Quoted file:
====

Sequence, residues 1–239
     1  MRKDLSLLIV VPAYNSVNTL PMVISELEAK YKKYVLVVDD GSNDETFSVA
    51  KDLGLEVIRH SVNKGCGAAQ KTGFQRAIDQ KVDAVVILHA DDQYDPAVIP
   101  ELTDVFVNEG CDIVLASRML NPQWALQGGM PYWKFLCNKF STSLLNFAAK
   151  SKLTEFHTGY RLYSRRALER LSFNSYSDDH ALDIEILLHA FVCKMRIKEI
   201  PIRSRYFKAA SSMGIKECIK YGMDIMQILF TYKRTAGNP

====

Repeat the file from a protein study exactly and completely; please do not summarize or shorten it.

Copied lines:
Sequence, residues 1–239
     1  MRKDLSLLIV VPAYNSVNTL PMVISELEAK YKKYVLVVDD GSNDETFSVA
    51  KDLGLEVIRH SVNKGCGAAQ KTGFQRAIDQ KVDAVVILHA DDQYDPAVIP
   101  ELTDVFVNEG CDIVLASRML NPQWALQGGM PYWKFLCNKF STSLLNFAAK
   151  SKLTEFHTGY RLYSRRALER LSFNSYSDDH ALDIEILLHA FVCKMRIKEI
   201  PIRSRYFKAA SSMGIKECIK YGMDIMQILF TYKRTAGNP